What’s not to like when a company announces locations for a mega expansion creating at least 50,000 jobs?
That, of course, is what Amazon announced this week when it revealed its plans to locate its “second headquarters” in New York City, New York and Arlington, Virginia, receiving some $3 billion in incentives from governments in those states.
The plan received plaudits from many sources, not the least of which came from political leaders and business executives in those regions.
New York Governor Andrew Cuomo: “My view is 25,000 jobs [at the New York City location] is a big transformative step” in diversifying the state’s economy and reaching its goal of making New York a tech center “Gov. Cuomo takes aim at critics of Amazon deal” . Earlier, he predicted that the state would recoup nine times the amount it has agreed to provide Amazon through tax revenue.
New York City Mayor Bill de Blasio and business leaders also said the deal will solidify the city’s prominence in the tech industry and enrich the local economy.”
So what’s not to like about private-public cooperation that apparently has such upside?
Well, there’s this …
In New York City, likely neighbors at the building site, largely via their elected representatives, had plenty to say in opposition: “Amazon HQ2 deal protested by Queens Politicians” :
“Why is Amazon entitled to $3 billion tax dollars? Why can Google bring 20,000 jobs here without public subsidy?”
On a national scale, an analysis by James B. Stewart in today’s New York Times “Why Amazon Chose the Wrong Locations for its HQ2” :
“… neither New York City nor Washington [region] needed Amazon. They’re already thriving and bustling with well-educated millennials … ‘Labor force’ ranked third on Amazon’s list of criteria, but in the end, it seemed to be determinative [even beyond the financial incentives].”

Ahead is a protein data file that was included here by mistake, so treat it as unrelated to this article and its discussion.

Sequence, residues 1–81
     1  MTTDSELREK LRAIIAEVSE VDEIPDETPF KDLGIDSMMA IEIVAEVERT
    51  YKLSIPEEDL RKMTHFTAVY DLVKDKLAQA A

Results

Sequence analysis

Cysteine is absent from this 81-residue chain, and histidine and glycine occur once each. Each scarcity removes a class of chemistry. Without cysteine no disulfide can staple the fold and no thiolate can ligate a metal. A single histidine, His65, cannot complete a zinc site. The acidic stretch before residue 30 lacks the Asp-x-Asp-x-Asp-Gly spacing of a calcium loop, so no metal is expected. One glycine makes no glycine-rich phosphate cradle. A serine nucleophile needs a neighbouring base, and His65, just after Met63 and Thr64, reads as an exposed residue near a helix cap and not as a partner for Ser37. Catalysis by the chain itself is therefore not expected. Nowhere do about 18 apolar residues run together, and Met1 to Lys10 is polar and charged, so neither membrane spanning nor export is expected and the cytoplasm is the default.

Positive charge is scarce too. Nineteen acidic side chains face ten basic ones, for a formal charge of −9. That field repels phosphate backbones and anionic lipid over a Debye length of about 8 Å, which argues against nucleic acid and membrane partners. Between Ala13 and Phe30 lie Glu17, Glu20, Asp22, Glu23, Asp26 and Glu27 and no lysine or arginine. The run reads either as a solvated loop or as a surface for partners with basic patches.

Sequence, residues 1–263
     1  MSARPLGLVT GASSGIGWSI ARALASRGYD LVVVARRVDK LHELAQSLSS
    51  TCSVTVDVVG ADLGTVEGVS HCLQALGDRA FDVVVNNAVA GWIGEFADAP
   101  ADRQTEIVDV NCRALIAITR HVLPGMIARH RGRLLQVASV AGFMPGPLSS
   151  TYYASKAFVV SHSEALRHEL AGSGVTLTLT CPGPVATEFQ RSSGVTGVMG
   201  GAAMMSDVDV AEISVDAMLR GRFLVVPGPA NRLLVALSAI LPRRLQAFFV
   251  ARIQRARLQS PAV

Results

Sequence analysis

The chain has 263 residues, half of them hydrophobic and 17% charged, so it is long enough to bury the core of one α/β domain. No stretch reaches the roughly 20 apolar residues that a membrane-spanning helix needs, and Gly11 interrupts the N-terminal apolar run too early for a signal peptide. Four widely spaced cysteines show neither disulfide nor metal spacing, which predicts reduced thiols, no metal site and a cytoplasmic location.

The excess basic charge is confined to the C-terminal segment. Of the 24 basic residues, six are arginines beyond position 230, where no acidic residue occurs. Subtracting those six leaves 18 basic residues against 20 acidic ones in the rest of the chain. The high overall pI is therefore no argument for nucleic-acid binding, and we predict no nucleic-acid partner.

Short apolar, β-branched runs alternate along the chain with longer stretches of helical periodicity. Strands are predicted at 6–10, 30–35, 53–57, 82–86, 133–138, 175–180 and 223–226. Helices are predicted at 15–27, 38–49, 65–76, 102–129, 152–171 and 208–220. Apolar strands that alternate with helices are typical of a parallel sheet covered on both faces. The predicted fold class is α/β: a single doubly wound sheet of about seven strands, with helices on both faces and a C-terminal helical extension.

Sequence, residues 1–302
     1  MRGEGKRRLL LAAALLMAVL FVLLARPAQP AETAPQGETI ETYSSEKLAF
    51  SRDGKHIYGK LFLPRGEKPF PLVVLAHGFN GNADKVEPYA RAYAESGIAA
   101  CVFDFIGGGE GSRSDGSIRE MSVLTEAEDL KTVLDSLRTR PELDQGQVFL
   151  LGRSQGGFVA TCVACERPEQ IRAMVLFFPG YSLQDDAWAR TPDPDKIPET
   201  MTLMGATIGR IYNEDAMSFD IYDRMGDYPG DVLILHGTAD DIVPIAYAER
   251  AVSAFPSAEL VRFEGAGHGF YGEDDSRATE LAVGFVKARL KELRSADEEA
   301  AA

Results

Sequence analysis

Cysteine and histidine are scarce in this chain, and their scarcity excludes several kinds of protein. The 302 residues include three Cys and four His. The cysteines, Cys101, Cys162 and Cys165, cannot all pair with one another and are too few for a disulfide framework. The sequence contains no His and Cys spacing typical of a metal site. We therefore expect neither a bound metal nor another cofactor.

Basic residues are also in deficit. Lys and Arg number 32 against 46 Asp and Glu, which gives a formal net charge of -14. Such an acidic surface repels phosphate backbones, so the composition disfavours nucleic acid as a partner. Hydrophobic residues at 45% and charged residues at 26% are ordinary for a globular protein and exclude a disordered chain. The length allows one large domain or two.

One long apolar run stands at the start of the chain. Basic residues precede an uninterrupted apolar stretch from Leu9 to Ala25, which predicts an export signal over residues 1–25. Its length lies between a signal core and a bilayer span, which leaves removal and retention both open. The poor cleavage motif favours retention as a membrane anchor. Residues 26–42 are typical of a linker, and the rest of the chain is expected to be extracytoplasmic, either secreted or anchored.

Stewart visits the heart of a politically (and geographically) divided America, quoting a corporate site selection expert: “Amazon’s choice ‘only reaffirms and cements the idea that we have two countries right now, the coast and the interior … Picking one of those [“interior”] cities would have been transformative … there are great places to live in America that don’t offer ocean views and cost $3,000-a-square-foot.”
And to the perhaps philosophical question of “what does a company owe its hometown(s) and country?” , Stewart: “It’s not Amazon’s obligation to help heal the growing divide between red and blue America… At the same time, the company… might have considered that Amazon’s success has hollowed out aging downtowns and shopping centers across America, and that having at least one headquarters away from the coasts might have generated considerable political good will.”
More in the-business-in-society trenches, this observation in a Times report, by Ben Casselman:
“Economists have long criticized [site selection] tax incentives as inefficient and unnecessary, arguing that they pit cities and states against each other and leave less money for education and public works that ultimately do more to lift local economies and improve livelihoods. Research has shown that incentives play at most a small role in corporate decisions, meaning governments often end up paying businesses to do what they would have done anyway.”
Finally, this on how such site-selection business decisions are playing out in Europe vs the UK as the Brexit debate approaches climax:
Sarah O’Connor in the Financial Times –
“… leaving the EU will probably make Britain more vulnerable to corporate blackmail as it tries to retain and attract jobs.
“Companies should resist the temptation. It might be in the interests of shareholders in the narrow sense, but it is time to widen the lens.
“By treating people’s jobs as bargaining chips, and their hometowns as dots on a corporate map, companies are instilling a sense of insecurity in people that is eroding their support for capitalism and globalization. It will come back to bite them in the end.”
Widening the lens, indeed.